President Donald Trump looks on as he hands out diplomas to Coast Guard cadets at the commencement ceremony at the U.S. Coast Guard Academy, May 17, 2017 in New London, Connecticut. (Drew Angerer / Getty Images)
Things are not always fair.
I stand before you today with this important message, inspired by the president of the United States of America, who recently shared his wisdom at the Coast Guard Academy’s graduation.
"Over the course of your life," he told the cadets, "you will find that things are not always fair."
Those are, I regret to say, perhaps the truest words this president has ever spoken.
What does it mean to be fair?
In its highest sense, it means to be honest and impartial, to be honorable and equitable, to be just.
A fair person listens. A fair person shares. A fair person abides by the golden rule: Do unto others as you would have them do unto you.
The fair person is someone others can trust to do the right thing, who takes responsibility for his actions. The fair person doesn’t blame others for his own missteps.
But, as the president said, things are not always fair.
Sometimes you can be doing your job well, with respect for others and for truth, unbowed by those who strong-arm you to do otherwise, and — pardon my French — get screwed over anyway.
Can we get a round of applause for the dearly deposed F.B.I. director James Comey?
Sometimes, too, you can try to play fair only to have your butt kicked because your opponent is playing nasty.
How about some applause for John Kasich, the Republican governor of Ohio, who ran a fair campaign for president against the man who beat him?
Yes, things are not always fair, dear graduates, but you know what’s even sadder?
People who don’t play fair may be richly rewarded anyway.
Now, dear graduates …
I’m sorry, but, young man? Yo. You in the back. Put the fidget spinner down. This is important.
Anyway, most of us imagine that we ourselves play fair. It’s always the other guy who doesn’t, right? We develop this conviction at an early age.
What child hasn’t stomped his foot and shouted "No fair!" because things haven’t gone his way? Too often what the child means is "I don’t like this!" or "I don’t like you!" or "She got more!" or "I want more!"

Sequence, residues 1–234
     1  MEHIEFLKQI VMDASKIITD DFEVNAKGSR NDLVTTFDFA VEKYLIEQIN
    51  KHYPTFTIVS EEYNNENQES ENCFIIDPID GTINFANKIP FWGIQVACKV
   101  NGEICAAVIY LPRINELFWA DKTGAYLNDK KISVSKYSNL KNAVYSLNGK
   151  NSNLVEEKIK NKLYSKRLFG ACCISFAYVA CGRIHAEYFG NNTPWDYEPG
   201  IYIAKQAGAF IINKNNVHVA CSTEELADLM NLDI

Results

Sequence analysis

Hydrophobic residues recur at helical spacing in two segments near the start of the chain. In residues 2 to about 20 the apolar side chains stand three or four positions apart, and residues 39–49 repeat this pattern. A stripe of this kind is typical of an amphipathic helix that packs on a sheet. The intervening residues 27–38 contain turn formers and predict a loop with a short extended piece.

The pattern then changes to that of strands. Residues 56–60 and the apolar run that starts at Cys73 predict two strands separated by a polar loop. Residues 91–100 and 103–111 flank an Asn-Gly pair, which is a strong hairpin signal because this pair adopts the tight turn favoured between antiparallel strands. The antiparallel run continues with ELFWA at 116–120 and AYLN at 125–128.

As the child may or may not concede one day: Just because you call it unfair doesn’t mean it is.
And — the flip side of that principle — just because you claim it’s fair doesn’t make it so.
Let me tell you a little story. There was once a man named Roger who invented a TV network and he called it "fair and balanced" even though calling that network "fair and balanced" was like calling that man, may he rest in peace, a feminist.
That’s an example of what I mean when I say "just because you call it fair doesn’t make it so."
By the way, be wary of anyone who spends a lot of time proclaiming his own fairness. Fairness is not a bragging right or a marketing slogan. It’s a habit of mind and of action. Genuinely fair people are generally quiet about it.
Speaking of quiet, young lady, yes, you next to Mr. Fidget Spinner. Please stop Snapchatting. Life is better when you pay attention.
Fairness is far more than an individual concern. The fair person is concerned about fairness for others as well.
It’s not fair that in this country billionaires live in gilded penthouses while many Americans struggle for decent health care, a good education and a living wage.
That failure won’t be solved overnight, maybe ever, but it helps when the billionaires acknowledge the inequity and try to help.
Thanks, Bill Gates, for showing us how that works.
As I draw to a conclusion, dear graduates, here’s a philosophical question for you:
If others are unfair to you, does that mean you should be unfair to them, that you have to be in order to survive?
I’ll let you answer that for yourselves. Sometimes playing fair means losing, but better to lose a competition, I say, than to lose your soul.
One more question:
If you’re fair to others will they be fair to you?
I’m sad to say, my friends, that fairness isn’t always a fair trade. No matter how honorable you are, there will be people who cheat, lie, steal and otherwise take advantage of you and your good faith. The behavior of others and the caprices of the world are beyond your full control.
But I promise you this:
If you treat others fairly, you increase the odds that they’ll treat you with the same respect, and even when things aren’t fair, you’ll feel better about yourself in the long run.